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Starting solids – how to start solid food, baby’s first meal

Baby having his first meal of solid foodSo, you’ve decided it’s time to start your baby on solid food! It’s a big step—but an important one for their development.

It is recommended that your baby start solids around six months of age. It is important to continue to breast feed or give formula until they are 12 months of age, as this is their main source of nutrition.

Many parents think their baby is ready to start solids because they are able to sit upright, they have good head and neck control and they are interested in watching you eat. These are good signs that your baby is developing normally but not necessarily ready to start solids. Your baby needs to have a reduced tongue thrust reflex so that they won’t be pushing away food with their tongue when offered but rather use their tongue to push food backwards into their mouth.

Starting solids is not just about learning to eat—it is also about exposing your baby to different tastes and textures, developing their jaw muscles and even helping with speech development and teeth spacing.

Here are some of our tips on making baby’s first meal a successful one…

Tips on making baby’s first meal a success

Offer the first meal at a time when you and your baby are relaxed and happy

This doesn’t have to be a traditional ‘mealtime’. Any time that suits you is fine as you will usually start by offering one meal a day and see how it goes.

Give breastmilk or formula first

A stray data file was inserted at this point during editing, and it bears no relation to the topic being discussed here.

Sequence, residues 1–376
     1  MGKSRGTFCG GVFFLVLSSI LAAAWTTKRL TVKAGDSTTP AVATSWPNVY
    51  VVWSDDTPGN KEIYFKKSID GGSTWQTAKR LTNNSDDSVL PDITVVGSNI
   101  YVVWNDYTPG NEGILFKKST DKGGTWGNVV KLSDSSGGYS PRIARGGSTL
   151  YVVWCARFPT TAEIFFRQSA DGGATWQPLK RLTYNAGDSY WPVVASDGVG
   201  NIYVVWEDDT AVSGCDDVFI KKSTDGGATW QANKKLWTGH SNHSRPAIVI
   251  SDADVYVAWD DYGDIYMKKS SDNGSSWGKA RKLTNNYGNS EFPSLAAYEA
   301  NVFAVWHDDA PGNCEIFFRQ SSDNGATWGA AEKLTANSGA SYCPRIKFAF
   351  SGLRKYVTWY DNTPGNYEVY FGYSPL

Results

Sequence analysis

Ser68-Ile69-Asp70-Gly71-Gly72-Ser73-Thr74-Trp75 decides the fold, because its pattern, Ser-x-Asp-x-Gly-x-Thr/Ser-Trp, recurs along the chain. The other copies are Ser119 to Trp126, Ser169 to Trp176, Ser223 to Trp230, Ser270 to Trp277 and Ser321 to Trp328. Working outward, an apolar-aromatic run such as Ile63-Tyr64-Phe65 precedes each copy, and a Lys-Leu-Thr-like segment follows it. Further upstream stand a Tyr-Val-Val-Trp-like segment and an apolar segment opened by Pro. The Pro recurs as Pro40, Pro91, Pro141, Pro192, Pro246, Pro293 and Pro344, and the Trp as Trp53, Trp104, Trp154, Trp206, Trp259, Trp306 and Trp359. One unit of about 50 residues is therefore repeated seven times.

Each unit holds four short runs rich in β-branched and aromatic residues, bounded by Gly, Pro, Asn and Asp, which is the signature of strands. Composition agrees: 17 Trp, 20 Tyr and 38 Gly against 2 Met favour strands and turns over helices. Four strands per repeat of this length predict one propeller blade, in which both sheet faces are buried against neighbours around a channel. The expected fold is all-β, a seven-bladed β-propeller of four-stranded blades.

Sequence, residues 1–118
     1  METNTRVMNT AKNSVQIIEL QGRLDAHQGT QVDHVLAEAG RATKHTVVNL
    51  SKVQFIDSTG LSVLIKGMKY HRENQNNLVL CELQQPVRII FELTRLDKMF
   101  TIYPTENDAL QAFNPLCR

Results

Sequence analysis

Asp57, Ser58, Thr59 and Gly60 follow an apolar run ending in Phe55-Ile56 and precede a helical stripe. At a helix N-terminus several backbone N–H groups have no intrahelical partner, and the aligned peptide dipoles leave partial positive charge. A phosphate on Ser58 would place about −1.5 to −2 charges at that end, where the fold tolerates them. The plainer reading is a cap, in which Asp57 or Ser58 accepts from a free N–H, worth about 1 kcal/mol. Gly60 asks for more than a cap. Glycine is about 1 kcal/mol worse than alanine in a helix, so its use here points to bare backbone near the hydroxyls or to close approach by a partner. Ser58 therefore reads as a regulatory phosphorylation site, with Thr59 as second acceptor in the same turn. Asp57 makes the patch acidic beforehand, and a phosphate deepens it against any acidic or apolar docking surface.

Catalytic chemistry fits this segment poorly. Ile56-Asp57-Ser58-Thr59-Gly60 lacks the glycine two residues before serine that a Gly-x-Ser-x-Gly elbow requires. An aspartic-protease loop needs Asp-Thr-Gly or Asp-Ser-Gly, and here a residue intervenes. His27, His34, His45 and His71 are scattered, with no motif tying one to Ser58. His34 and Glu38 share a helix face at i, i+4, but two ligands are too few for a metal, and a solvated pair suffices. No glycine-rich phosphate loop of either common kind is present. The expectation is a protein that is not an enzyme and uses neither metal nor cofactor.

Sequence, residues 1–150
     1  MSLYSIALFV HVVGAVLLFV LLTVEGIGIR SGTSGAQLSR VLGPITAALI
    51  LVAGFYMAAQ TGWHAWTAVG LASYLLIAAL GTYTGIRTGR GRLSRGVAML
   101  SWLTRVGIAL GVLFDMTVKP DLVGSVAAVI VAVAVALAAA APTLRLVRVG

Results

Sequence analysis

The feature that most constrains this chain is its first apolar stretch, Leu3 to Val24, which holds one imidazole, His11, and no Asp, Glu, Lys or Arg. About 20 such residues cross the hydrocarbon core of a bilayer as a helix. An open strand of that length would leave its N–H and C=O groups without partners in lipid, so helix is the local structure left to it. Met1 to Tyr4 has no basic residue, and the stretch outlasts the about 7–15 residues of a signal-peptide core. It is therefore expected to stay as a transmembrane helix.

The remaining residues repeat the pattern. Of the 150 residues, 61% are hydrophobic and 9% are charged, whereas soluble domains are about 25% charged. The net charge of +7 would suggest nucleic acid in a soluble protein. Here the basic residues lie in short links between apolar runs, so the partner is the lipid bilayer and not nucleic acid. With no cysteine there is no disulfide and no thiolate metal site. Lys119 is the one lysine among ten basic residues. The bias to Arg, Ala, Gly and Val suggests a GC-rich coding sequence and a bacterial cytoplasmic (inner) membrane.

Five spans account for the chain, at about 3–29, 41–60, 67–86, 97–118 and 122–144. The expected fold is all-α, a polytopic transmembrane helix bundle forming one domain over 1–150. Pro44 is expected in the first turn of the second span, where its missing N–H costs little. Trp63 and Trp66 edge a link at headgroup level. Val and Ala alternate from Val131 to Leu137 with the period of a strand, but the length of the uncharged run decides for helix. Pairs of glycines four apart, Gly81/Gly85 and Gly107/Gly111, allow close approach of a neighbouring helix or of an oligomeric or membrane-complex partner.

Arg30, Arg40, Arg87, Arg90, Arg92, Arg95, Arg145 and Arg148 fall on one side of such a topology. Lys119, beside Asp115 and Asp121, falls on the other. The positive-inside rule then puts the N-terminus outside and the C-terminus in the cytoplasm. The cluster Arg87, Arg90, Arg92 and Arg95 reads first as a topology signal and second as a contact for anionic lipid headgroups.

Remember to give breast milk or formula first as this is their main source of nutrition and the goal of solids is not about filling them up on solids rather than milk. It’s about exposing them to a new taste and introducing them to the idea of chewing, moving food around in their mouth and swallowing.

Capture the event!

This is a big deal—plus it is hilarious to watch babies taste a new food for the first time. Have the camera handy to record the event.

Make sure the highchair and utensils are clean (but no need to sterilise)

Anything you intend to use to feed your baby their first meal should be washed up as normal and dried. There’s no need to sterilise bowls or spoons—by this age your baby is probably putting all sorts of non-sterilised things in their mouth!

Make sure you’ve got a bib (and one for the baby too!)

OK, maybe not a bib for you—but it could get messy. Don’t get dressed to go out then give your baby their first meal! A bib for bub is a good idea. A soft fabric one is good for a small baby just starting out. The first meal may not be a terribly messy one (they’re to come soon though!) but it pays to be prepared.

If spoon-feeding, look for a good soft-tipped spoon

A nice small, soft-tipped spoon will be much easier to use if you’re spoon-feeding your baby. Look for ones that are shovel-like rather than rounded as they’ll help you get every last bit of food from a bowl.